Yup. I don't know any folks quite like this, but I won't lie and say they don't exist. Maybe bad homeschooling is like porno, and you just know it when you see it. There is likely a continuum of parenting, with the superachievers on one end of the curve and the parents of severely neglected and abused at the bottom.
All the arguments in the world that most homeschool families consist of the middle and upper ends of the curve don't help the kids who are truly not educated at the lower end. In fact, it bothers me when homeschool organizations trot out statistics or tables as though the scores or achievements justify homeschooling as a whole. They don't. Homeschooling rests upon the idea that barring extreme abuse and neglect, parents are best suited to make decisions for their children, and that ought include "good" decisions as well as "bad" ones.
And while there is no excuse for abuse no matter where it occurs, I fear that well-meaning folks or Satan or the NEA (or maybe they will combine to form the anti-Trinity... why is there no anti-Trinity? a doctrinal question from Mrs. C) will use isolated cases to further regulation of families in their decision-making. Only imagine if states wanted to regulate Mormonism because of what has happened on some ranch in Texas. It would be intolerable even to most non-Mormons. For now. But I'm concerned that the day is coming when religious practices and homeschooling will be more strictly regulated because I read the angry comments at the end of news stories. Hopefully, these folks don't all contact their representatives or worse, contact their representatives after figuring out how to turn off the CAPS LOCK
I know that the logical pro-homeschooler argument would be to talk of the slippery slope. If it's not ok for someone to be 16 and be unable to multiply single digits, is it not ok for someone to be 12? Nine? Six? and not know these things. At what point should the state intervene in the homeschooling of a child? At what point IS it abusive to homeschool or "no-school?"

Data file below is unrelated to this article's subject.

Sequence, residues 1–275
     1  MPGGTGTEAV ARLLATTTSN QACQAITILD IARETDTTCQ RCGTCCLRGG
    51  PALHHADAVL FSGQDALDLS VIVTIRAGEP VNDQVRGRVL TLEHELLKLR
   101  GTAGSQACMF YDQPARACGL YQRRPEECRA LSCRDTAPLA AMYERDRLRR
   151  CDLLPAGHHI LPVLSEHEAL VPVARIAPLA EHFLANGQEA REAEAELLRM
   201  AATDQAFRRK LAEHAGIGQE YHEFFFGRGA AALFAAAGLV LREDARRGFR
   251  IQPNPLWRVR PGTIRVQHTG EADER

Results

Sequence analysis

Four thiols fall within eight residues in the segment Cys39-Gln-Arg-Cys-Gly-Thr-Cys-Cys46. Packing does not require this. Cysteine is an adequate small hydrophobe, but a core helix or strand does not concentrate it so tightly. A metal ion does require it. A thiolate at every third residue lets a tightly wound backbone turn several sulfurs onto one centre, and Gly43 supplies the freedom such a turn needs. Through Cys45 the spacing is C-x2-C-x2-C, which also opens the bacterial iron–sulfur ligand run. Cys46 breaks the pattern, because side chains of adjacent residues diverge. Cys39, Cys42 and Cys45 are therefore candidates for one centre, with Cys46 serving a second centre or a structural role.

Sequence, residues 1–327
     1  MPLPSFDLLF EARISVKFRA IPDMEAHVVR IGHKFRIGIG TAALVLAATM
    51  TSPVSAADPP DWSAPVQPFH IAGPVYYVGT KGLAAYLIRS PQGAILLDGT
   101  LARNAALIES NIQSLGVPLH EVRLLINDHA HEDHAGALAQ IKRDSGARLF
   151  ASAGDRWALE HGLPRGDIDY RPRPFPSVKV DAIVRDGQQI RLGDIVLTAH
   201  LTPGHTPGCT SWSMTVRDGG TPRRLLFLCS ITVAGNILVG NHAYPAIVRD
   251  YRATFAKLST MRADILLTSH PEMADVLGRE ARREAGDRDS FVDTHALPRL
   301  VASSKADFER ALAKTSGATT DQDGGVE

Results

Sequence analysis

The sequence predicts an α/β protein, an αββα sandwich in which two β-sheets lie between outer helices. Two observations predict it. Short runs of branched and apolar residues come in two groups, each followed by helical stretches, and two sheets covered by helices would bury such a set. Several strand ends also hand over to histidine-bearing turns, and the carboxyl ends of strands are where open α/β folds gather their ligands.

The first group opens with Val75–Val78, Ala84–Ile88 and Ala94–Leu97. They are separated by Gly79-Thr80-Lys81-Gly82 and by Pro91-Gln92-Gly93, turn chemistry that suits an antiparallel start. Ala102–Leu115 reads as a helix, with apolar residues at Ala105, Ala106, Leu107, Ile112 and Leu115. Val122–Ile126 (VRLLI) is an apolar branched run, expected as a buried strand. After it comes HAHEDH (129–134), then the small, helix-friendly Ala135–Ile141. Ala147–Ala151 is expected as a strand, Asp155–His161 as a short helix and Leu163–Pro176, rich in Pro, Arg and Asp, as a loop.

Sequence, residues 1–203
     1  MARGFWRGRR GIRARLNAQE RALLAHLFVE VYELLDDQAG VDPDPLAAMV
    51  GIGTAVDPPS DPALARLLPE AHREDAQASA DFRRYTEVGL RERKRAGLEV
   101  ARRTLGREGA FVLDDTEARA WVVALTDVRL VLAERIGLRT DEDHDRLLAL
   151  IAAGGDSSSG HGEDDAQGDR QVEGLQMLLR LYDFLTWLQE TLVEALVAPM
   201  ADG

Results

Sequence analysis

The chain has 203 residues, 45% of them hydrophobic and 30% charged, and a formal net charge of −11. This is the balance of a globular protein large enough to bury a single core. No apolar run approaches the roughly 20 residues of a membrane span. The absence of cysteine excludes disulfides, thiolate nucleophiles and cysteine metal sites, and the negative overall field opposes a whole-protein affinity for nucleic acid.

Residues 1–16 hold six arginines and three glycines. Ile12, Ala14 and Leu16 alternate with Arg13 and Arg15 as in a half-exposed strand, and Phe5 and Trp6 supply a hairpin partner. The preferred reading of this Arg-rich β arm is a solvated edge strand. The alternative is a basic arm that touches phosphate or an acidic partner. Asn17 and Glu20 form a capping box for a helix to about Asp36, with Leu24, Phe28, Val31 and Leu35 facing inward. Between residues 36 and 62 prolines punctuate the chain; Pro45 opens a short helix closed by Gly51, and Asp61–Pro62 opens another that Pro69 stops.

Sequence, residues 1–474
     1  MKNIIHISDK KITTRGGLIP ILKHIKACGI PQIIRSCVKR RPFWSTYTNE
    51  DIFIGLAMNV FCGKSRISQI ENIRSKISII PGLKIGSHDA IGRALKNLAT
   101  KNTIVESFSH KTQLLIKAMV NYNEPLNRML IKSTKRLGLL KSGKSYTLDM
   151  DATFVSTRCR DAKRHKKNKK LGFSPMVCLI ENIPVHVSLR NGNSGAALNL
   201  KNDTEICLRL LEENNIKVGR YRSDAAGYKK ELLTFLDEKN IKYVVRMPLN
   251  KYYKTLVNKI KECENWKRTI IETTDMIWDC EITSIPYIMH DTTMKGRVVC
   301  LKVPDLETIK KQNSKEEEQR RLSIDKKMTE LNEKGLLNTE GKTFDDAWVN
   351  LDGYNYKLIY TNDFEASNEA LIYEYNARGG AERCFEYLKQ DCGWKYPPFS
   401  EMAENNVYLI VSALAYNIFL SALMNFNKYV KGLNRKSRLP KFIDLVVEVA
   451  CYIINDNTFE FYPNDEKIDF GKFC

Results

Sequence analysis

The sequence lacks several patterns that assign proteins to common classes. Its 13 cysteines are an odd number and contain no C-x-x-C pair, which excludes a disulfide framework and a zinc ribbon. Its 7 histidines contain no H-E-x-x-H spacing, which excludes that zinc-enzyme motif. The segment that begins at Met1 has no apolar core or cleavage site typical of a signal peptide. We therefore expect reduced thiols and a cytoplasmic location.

That's a good question, and one I don't think anyone has answered adequately.
Should other homeschoolers come to the defense of bad homeschoolers? Or should we only help the graduate-school parent nutty professor type whose child is an astrophysicist in her own right at seven... but *doggone it* Mom turned in her paperwork a day late? Yeah, most of us are in the middle but have our moments where we need inform our children of basic facts like, "No, sweetheart. The Great Wall of China is actually made out of stone and isn't 'of china' at all. Sorry."
I know another argument for defending all homeschoolers would be that HELLO, public schools do not ensure an education by any means, and it's a pot calling the kettle black situation. Imagine wasting 15 years of your life (two preschool years, kindergarten, and grades 1-12) at your parents' and neighbours' expense, only to find that your education is inadequate and shoddy. There are whole districts turning out crappily-prepared students. Dropout factories. Drug-and-violence free schools that are anything but. It's abusive to ask kids to even get out of bed on time to go to such places year after year, holding out that American dream and education is "the ticket to success"... talk about dashing hopes... and the state wants to go after homeschoolers??!